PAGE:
Ontario chamber honors top citizens, tickets on sale

Matt Stringer, executive director of Four Rivers Cultural Center, will be honored as Ontario’s man of the year at the Ontario Area Chamber of Commerce banquet. (Photo courtesy of Tanya Navarrete)

ONTARIO – The annual Ontario Area Chamber of Commerce Banquet honoring local citizens is back to get the year rolling on a high note.

The event is set for Friday, Jan. 10, at Four Rivers Cultural Center. Tickets are $40 each and reservations are required by Friday, Jan. 3. The event kicks off at 6 p.m. with dinner set for 7 p.m.

Each year the chamber puts out a call for nominations for several categories including man and woman of the year and business of the year.

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The result is a yearly celebration to honor distinguished citizens of Ontario, such as Charlene Pelland, who will be honored as Ontario’s educator of the year.

For five years, Pelland headed a pilot program for high school students interested in health careers.

She had no formal experience teaching in a classroom when she was tapped by the Malheur Education Service District to teach the course.

But Pelland said her 31 years as a nurse, including teaching new parents inside the neonatal intensive care unit at a hospital in her native Florida, gave her the background she needed to teach in schools.

Pelland retired – for the second time – in June. She no longer teaches the course, but now she has former students working in health careers all over Malheur County.

Last year, four of Pelland’s students qualified for a national competition as part of the Health Occupations Students of America, a club similar to Future Farmers of America but with a healthcare bent.

“I learned how vulnerable students can be but how much hope they can have when they are given a safe place and a caring environment,” Pelland said.

She has fond memories of watching kids who were failing in school suddenly thrive because they found their niche in her classroom.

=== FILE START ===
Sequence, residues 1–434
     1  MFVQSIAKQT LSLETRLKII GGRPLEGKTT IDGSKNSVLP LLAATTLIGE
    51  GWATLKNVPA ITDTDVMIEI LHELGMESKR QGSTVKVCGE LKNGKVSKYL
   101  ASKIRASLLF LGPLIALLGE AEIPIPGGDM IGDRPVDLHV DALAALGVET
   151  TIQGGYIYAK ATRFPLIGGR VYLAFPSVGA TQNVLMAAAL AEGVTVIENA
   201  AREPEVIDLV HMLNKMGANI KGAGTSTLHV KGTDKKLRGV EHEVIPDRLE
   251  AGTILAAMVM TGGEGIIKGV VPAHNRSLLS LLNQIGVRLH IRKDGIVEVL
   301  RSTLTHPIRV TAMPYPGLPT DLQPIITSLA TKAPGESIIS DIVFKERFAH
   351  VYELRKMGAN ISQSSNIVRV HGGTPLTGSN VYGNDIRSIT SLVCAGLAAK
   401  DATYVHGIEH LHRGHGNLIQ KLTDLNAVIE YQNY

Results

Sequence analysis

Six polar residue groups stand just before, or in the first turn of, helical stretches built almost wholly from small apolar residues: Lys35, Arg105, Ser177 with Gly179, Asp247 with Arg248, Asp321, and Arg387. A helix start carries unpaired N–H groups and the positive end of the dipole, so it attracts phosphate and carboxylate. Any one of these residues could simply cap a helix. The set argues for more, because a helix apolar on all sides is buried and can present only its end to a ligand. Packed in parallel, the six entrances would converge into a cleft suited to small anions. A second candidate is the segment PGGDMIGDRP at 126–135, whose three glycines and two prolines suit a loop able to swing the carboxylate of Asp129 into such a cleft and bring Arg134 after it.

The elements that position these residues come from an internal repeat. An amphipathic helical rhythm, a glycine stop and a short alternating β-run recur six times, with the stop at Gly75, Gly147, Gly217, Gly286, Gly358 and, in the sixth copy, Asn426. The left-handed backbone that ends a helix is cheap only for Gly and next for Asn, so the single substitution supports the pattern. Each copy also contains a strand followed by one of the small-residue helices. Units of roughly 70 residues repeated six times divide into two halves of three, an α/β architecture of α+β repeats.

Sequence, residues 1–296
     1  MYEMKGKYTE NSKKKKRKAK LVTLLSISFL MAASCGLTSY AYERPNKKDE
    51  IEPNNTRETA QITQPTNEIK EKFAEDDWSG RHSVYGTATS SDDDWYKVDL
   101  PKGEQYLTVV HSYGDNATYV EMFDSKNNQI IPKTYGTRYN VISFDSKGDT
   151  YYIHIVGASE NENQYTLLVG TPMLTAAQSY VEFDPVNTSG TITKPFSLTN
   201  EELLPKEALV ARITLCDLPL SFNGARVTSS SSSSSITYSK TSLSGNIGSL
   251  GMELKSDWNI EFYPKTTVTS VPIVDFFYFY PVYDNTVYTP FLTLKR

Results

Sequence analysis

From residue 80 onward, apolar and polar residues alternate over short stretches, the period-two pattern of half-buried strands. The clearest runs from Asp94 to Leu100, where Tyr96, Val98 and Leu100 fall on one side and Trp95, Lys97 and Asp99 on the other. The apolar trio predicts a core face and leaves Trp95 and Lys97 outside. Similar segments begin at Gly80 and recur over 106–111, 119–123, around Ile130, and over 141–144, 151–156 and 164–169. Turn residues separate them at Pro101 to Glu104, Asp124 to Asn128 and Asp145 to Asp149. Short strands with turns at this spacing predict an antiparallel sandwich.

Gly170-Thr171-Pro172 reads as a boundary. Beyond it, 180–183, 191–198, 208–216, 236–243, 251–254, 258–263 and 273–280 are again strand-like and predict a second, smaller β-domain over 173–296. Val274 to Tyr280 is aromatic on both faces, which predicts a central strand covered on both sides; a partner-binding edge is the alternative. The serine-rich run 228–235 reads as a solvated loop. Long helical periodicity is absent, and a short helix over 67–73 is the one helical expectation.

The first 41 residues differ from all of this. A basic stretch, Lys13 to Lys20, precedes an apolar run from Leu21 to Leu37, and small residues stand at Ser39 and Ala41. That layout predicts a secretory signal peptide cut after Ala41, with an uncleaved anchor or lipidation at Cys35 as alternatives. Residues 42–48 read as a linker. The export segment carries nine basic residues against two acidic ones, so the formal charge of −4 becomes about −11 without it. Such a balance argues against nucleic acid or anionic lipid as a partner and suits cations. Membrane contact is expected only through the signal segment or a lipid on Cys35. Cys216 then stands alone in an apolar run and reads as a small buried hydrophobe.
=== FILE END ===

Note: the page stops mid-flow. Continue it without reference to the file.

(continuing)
Pelland helped students discover different careers in the field of healthcare. Her second-year students were taught nursing and had the opportunity to work as certified nursing assistants straight out of high school.

“The award isn’t about me,” said Pelland. “It’s about the students and what caring can do to help people blossom.”

For Man of the Year Matt Stringer, his award, he said, was a surprise.

Stringer, executive director of the Four Rivers Cultural Center, recently joked that his life felt like the plot of a Hallmark Christmas movie.

The Nyssa native made his career in Manhattan before moving back to Malheur County to care for his sick mother. He said when his mom died, he assumed he would move again.

But after some soul searching, Stringer realized he belongs here.

“Since I moved back to this community people have been so gracious to me, so kind,” Stringer said. “People befriended me quickly and so many people have embraced me, bolstered and helped me.”

Stringer said he’s grateful to the community and for the opportunity he’s had to make contributions here.

Stringer was appointed to the Oregon Arts Commission this year, a governor-appointed body for arts advocacy that funds artists throughout the state. His appointment, along with grants he’s written and events he’s founded, helped put the cultural center on the map.

“One of the things I’ve been trying to do here is increase our imprint to become a regional or a statewide treasure rather than just an Ontario treasure,” Stringer said.

He credits his staff of “10 people that easily do the job of 15” for the center’s success.

“We all realize there’s nothing we can do by ourselves and somebody always steps up to help,” he added.

This year’s woman of the year award went to Cheryl Farley, a certified nursing assistant at Saint Alphonsus Medical Center-Ontario.

Farley has been nominated year after year, said John Breidenbach, chamber president.

She does so much in the community outside of her job at the hospital, said hospital spokesperson Claudia Weathermon Tester.

“We are very proud to call her one of our colleagues,” she said.

This year the chamber will also recognize the hospital as a community business partner of the year. It’s not a yearly award, explained Breidenbach, but the hospital’s contributions as a major employer in Ontario deserved recognition.

“We have so many people that have been working hard for a long time, it feels good to get this kind of recognition,” said Weathermon Tester.

Business of the year went to Second and Vine Bistro, a wine bar in Ontario. A nominating form praised owners Terry Dols and Suzi Ireland for adding ambience to the city and “working with locals to promote the best.”

The restaurant at 288 S.W. 2nd Ave. opened in 2016 after a 15-month restoration project of a home built in 1934.

“Terry could have relocated anywhere,” wrote Debbie Blackaby in her nomination, but he “chose to come back to Ontario.”

He and Suzi, added Blackaby, “have worked hard to be outstanding. They have added value to a corner like no other.”

The chamber will have a special honor this year in memory of Trevor Frahm, a Malheur County farmer who died in October in a farming accident. Frahm, 42, managed the family owned and operated Frahm Fresh Produce in Ontario.

News tip? Contact reporter Yadira Lopez: [email protected] or 541-473-3377.

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